Author: Cristopher DeRose

Publisher: BearManor Media

ISBN: 9781629333182

As a book reviewer and author interviewer, I always enjoy picking the brains of authors to find out what makes them tick. When Cristopher DeRose's The Complete Scribes of Speculative Fiction: A Collection of Interviews came to my attention, I could not resist requesting a copy.

According to DeRose's biography on Amazon, he describes himself as a father, writer, photographer, and musician. Cristopher has had over 100 works published in the likes of Filmax, Cemetery Dance and was a Staff Writer for the (then-spelled) Sci-Fi Channel for several years. He worked as Editor for Dark Matter Magazine: A Chronicle of the Speculative Mind for its three-year run. His books range from the non-fiction as Cobra on My Left, Leopard on My Right; and Scribes of Speculative Fiction Vol. I and II and fiction including To Cast a Violent Shadow, Black Moon, and Immortals.

In The Complete Scribes of Speculative Fiction, DeRose interviews seventy well-known authors who focus on writing speculative fiction. And if you don't know what is speculative fiction, it is basically fantasy, science fiction, and horror. To be more precise, it is fiction wherein the author hypothesizes upon the results of changing what is real or possible, not how a character reacts to a certain event.

What stands out in these treasures of interviews is the tremendous amount of sage advice, wisdom, history, and generally the modus operandi of these writers and authors. The questions and replies are thoughtful, provocative, and penetrating and can easily serve as a reference source in a creative writing class. For the most part the interviewees are forthright and honest, even if they sometimes wander.

When Ben Bova, who has written more than one hundred and twenty fiction and non-fiction books since 1959, is asked “What defines character?” His reply is: “a character's actions are driven by the conflicts within the character's soul. The consequences of those actions define the environment in which the character operates.”

Did you know, as pointed out by David Brin, that only a fraction of speculative fiction authors have a background in science? He goes onto to state that a better name for this genre might be “Speculative History-extending the human saga in what Einstein called gedankeneksperimenten, or collaborative thought experiments, with the reader as an active partner.... In a general sense, SF is about expanding the available range of settings, beyond the parochial present or familiar, freeing literature by extending the human story into realms of the possible.(Fantasy goes further, by diving into the improbable).”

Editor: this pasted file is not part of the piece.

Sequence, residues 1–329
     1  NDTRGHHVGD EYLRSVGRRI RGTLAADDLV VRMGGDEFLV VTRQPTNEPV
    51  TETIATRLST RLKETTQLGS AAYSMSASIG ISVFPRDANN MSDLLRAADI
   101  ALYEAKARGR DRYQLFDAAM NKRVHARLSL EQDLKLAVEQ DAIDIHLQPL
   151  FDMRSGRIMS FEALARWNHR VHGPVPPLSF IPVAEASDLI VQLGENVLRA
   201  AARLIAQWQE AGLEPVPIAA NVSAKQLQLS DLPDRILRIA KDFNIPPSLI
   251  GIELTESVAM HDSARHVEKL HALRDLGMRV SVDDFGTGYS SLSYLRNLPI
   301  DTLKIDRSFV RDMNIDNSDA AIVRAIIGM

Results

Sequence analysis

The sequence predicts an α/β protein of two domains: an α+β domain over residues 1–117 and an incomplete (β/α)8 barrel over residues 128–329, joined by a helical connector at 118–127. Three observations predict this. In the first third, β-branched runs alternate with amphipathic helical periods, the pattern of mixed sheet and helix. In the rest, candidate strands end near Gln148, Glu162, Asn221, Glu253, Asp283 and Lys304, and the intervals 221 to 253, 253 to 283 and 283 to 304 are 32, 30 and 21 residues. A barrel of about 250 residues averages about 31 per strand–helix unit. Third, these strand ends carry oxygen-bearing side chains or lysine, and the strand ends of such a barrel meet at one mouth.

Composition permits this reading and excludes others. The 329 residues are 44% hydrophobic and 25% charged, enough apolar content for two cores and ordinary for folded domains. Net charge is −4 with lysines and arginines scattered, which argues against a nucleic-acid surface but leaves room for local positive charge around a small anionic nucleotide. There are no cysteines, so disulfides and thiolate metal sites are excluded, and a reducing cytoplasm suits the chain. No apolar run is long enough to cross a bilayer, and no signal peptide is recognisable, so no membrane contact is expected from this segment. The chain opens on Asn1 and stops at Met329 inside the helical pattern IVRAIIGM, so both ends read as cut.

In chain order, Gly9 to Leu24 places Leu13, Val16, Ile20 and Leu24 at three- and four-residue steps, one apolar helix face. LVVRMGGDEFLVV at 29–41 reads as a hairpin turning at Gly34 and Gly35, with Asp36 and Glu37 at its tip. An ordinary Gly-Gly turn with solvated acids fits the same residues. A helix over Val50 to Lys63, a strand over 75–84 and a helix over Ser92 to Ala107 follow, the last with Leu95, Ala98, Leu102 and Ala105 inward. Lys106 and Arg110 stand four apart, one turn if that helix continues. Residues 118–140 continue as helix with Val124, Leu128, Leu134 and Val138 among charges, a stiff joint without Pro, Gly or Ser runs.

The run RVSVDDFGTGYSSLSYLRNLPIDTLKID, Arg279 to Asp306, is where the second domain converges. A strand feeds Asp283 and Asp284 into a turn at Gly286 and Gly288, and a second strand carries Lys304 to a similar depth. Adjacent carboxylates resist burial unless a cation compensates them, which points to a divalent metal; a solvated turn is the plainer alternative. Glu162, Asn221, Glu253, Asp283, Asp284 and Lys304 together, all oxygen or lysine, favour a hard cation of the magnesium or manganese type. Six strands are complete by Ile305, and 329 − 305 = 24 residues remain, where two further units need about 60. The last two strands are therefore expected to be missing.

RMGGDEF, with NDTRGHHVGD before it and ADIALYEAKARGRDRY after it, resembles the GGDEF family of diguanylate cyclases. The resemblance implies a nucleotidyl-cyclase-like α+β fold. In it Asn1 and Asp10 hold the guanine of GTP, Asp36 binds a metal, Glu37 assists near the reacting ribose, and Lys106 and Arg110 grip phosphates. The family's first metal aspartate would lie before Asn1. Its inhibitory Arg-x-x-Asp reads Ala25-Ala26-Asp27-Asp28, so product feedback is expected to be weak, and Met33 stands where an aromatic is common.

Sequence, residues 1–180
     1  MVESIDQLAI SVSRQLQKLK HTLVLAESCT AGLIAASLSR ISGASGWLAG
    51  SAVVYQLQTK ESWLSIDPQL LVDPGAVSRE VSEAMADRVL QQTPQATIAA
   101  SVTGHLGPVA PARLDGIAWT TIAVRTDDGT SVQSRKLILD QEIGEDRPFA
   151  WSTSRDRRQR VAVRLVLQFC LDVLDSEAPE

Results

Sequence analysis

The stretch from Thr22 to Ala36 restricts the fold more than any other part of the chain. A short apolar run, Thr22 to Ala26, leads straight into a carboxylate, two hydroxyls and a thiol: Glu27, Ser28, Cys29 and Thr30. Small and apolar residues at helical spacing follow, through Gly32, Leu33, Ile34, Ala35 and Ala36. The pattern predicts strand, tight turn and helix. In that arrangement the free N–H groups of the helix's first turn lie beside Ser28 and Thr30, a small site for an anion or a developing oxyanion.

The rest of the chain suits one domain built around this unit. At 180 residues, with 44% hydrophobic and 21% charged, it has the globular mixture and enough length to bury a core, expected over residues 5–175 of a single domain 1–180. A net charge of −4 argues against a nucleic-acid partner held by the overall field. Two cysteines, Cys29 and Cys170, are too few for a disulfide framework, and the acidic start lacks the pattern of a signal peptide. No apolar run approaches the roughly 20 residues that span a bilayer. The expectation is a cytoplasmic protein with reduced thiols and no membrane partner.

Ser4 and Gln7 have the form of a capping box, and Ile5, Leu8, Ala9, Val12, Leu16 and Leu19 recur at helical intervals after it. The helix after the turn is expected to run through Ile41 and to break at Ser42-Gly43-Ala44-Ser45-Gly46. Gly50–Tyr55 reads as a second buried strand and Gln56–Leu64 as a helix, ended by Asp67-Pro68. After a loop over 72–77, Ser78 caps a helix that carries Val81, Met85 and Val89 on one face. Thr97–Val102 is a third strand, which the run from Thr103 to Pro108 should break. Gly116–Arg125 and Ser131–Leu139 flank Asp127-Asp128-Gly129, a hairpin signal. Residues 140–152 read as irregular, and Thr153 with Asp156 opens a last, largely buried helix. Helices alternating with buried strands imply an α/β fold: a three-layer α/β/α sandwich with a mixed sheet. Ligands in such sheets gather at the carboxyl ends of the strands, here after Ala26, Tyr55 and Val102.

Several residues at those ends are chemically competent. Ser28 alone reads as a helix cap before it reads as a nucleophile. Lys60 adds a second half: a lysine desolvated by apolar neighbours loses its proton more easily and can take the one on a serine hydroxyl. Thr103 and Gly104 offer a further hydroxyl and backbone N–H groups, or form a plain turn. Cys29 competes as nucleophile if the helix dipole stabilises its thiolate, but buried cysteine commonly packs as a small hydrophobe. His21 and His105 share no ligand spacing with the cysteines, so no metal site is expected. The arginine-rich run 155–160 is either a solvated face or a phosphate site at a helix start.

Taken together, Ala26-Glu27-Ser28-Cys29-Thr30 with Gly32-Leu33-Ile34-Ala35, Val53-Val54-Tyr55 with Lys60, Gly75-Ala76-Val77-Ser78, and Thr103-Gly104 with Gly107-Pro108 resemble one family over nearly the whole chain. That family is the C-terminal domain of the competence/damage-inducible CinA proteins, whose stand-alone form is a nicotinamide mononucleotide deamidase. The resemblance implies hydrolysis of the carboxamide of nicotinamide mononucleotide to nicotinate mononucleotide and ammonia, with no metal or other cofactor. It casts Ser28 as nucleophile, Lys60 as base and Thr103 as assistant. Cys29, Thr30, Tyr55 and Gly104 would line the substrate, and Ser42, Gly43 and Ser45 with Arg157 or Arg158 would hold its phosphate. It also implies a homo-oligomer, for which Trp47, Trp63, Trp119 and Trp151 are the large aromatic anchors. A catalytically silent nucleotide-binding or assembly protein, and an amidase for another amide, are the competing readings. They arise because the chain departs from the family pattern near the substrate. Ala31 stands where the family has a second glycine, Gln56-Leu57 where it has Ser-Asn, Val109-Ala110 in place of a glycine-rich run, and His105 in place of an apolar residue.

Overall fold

Bruce Balfour, who not only made his name in speculative fiction but has also been a NASA employee trained in the field of Artificial Intelligence is asked what was the reaction from NASA co-workers to his work, his reply: “Mocking laughter, thrown garbage, burning me in effigy-the usual sort of thing.” He furthers his reply by stating that many people are working for NASA because they were introduced to this kind of speculative thinking by reading science fiction.

When Christopher Golden, the best-selling author of The Ferryman, Myth Hunter, and Strangewood, is asked about his thoughts as why people read as well as write horror, his reply was he believed “horror is cathartic. If you can frighten or excite someone to a level of true anxiety, and then relieve that anxiety, you've done them a service.”

These are only a tiny sampling of the dozens of questions and replies that can be read in order of the interviews or randomly, it works either way. And if you ever attempted to write or even wondered about the speculative fiction writing process, these interviews will have you riveted. In addition, they contain all the advice and wisdom an aspiring writer needs not only insofar as speculative fiction is concerned but any genre. Briefly, these interviews are unexpectedly revealing and even at times funny as they pry into how writers get their words onto the page.